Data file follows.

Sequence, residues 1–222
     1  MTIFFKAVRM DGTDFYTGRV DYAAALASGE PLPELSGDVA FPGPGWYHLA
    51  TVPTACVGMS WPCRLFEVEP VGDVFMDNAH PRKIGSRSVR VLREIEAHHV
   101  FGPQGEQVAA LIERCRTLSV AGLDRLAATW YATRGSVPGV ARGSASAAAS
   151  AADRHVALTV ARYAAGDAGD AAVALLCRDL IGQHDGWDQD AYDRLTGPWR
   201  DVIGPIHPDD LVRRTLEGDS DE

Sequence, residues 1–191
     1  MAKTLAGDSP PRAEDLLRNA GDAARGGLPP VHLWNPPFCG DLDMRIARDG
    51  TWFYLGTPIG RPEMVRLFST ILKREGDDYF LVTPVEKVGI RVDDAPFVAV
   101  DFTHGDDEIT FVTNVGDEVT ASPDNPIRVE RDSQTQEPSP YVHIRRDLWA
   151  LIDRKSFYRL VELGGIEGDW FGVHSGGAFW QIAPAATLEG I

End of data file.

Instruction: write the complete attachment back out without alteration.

Sequence, residues 1–222
     1  MTIFFKAVRM DGTDFYTGRV DYAAALASGE PLPELSGDVA FPGPGWYHLA
    51  TVPTACVGMS WPCRLFEVEP VGDVFMDNAH PRKIGSRSVR VLREIEAHHV
   101  FGPQGEQVAA LIERCRTLSV AGLDRLAATW YATRGSVPGV ARGSASAAAS
   151  AADRHVALTV ARYAAGDAGD AAVALLCRDL IGQHDGWDQD AYDRLTGPWR
   201  DVIGPIHPDD LVRRTLEGDS DE

Sequence, residues 1–191
     1  MAKTLAGDSP PRAEDLLRNA GDAARGGLPP VHLWNPPFCG DLDMRIARDG
    51  TWFYLGTPIG RPEMVRLFST ILKREGDDYF LVTPVEKVGI RVDDAPFVAV
   101  DFTHGDDEIT FVTNVGDEVT ASPDNPIRVE RDSQTQEPSP YVHIRRDLWA
   151  LIDRKSFYRL VELGGIEGDW FGVHSGGAFW QIAPAATLEG I